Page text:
Arriving at a destination in the dead of night has become something of a tradition for me, and a scene undoubtedly familiar to any seasoned traveller.
A wave of exhaustion hits, and all bearings vanish as I slither through a city still sleeping, unsure of what awaits me. I have no such uncertainties this time, as the car pulls into a sleek entrance; a glowing beacon. I am transported through revolving doors into the comforting bosom of The Berkeley.
Boasting a highly coveted location, nestled in Knightsbridge and mere steps away from Sloane Street, Hyde Park and Harrods, The Berkeley is a journey into contemporary, fashion-forward London that exudes the elegance and splendor of this metropolis in a decidedly modern manner. There is a relaxed approach to formality from the moment you set foot in the property; a hip, fresh feel with a classic attention to detail, that remains ever-inviting.
A collaborative design concept was employed at The Berkeley in order to infuse it with a unique, albeit cohesive aesthetic. A design team headed by Robert Angell and London-based architects Roger Stirk Harbour & Partners was entrusted with an expanded entrance and two extensions.
Helen Green Studio designed the bulk of the Berkeley Suites, which feature a style both modern yet sumptuous, while the Terrace Junior Suites are divided into Robert Angell designs with their cool tones, and designer John Heah’s take, with flowing spaces, hardwood floors and clean lines. I am lucky enough to bunk down in the latter, which overlooks St Paul’s Cathedral.
A range of signature suites is also available, each unique in its own way. The Opus Suite, for example, offers 270-degree views of Hyde Park and Knightsbridge and was designed by André Fu, featuring a mix of spaces to comprise a suite balancing architectural lines with refined details. The Gallery Suite by John Heah is perfect for art lovers, boasting the atmosphere of a contemporary city loft, with floods of light pouring in through French windows, and wall art rotating every quarter.
One cannot ignore the culinary delights this hotel is known for. Home to the celebrated Marcus restaurant, it also plays to its fashion-forward surroundings and clientele with its imaginative Prêt-À-Portea, indulging guests in a sumptuous afternoon tea that is inspired by the colors and textures seen on the catwalks, that changes every six months to match the seasons.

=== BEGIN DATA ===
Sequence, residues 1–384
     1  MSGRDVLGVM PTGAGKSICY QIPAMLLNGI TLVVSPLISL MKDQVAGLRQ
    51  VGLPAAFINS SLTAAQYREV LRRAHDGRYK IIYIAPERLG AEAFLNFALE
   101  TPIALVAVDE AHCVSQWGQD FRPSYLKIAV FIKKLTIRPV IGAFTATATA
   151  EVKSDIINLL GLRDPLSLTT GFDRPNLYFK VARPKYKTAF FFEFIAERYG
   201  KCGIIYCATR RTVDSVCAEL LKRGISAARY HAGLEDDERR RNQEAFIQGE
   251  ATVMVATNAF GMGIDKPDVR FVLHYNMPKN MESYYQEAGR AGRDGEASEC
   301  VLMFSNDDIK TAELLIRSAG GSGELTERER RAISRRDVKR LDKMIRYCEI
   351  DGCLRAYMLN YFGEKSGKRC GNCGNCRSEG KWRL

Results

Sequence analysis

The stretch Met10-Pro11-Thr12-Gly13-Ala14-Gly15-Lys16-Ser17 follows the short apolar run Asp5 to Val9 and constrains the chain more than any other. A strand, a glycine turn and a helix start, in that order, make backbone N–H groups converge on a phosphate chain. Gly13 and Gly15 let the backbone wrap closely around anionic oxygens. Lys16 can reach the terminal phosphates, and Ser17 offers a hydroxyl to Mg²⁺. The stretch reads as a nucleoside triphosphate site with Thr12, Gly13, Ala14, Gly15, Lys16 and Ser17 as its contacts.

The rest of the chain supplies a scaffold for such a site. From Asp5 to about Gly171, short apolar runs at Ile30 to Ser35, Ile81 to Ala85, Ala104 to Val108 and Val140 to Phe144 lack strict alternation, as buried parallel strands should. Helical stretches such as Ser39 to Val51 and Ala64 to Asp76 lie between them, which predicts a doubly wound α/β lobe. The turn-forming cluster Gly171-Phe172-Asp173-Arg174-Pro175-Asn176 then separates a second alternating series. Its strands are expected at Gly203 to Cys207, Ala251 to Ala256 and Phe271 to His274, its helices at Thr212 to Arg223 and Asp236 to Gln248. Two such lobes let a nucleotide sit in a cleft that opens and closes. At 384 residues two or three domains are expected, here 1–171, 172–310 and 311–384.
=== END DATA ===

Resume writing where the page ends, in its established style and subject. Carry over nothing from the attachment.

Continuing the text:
Built in 1897 and considered one of London’s more iconic and luxurious properties, The Connaught takes up residence in the epicentre of Mayfair, featuring an inimitable blend of British tradition and modernity. Upon entering the establishment, I’m immediately hit with a profound sense of heritage, but upon turning any given corner at The Connaught I’m surprised by an entirely different aesthetic. Walking further into the hotel, past the lobby, I discover a decidedly contemporary extension and even a Japanese Zen garden.
Despite this, and whichever wing you happen to find yourself in, there is still an underlying British feel to every element, with a multitude of room options and distinctive suites also on offer. The 119 rooms include 30 in the new wing that feature a more Asian aesthetic, while the rest, designed by Guy Oliver, remain traditional but light. For a contemporary twist, the Apartment is outstanding. Perched high above Carlos Place, it boasts sprawling views of the surrounding area and is a welcome escape with its muted hues, while it keeps its guests entertained with its eclectic collection of art and literature. Less like a hotel room and more like a private home, The Apartment is as perfect enjoyed alone, soaking up the interiors, as it is entertaining others.
The Aman Spa is the first of its kind offered outside an Aman hotel. Offering relaxing treatments, there is also a daily mindful meditation class on offer, as well as a steaming 645sqft swimming pool. Should your mind begin to wander to your stomach, there is the Connaught Bar, that feels like a set from The Great Gatsby, and serves up award-winning cocktails to whet your appetite. Hélène Darroze at The Connaught is also on hand to whip up some two-Michelin-star delights centered on a bespoke menu featuring 12 marble balls labelled with different items for guests to clue in the kitchen to their preferences.
Last but certainly not least, there is no other institution that so deeply exemplifies the spirit of British style, eternal charm and impeccable service than Claridge’s. Open since 1854, this hotel has hosted countless actors, royals and heads of state. I dine next to Sir Michael Caine, and am told Julia Roberts and Tom Hanks bunked down here one night prior. David Cameron walks past the revolving doors one morning. This place is the real deal.
Art deco is the name of the game when it comes to interiors, which are a journey back to the 1920s where many of the original features from over a century ago remain, further enhanced by accents by way of art nouveau, cubism and futurism. Again, like its sister properties, guests are spoilt for choice when it comes to accommodations that boast different design influences. For an elegant, refined experience, the Prince Alexander and Royal suites are fit for for a king. The latter fuses together the splendour of the Victorian Age with 19th century French architectural prints and bold colors. The Brook Penthouse, on the other hand, pays tribute to the 30s with gentle lilac and cream hues, paired with light oak floors.
Downstairs, the Fumoir Bar is the ideal spot to soak up a bit of history, while dinner at Fera is an eye-opening journey, featuring the finest of organic ingredients. Head chef Simon Rogan’s menu is sensitive to these ingredients, revealing new and unanticipated dimensions, and, well, if it’s good enough for Sir Michael…
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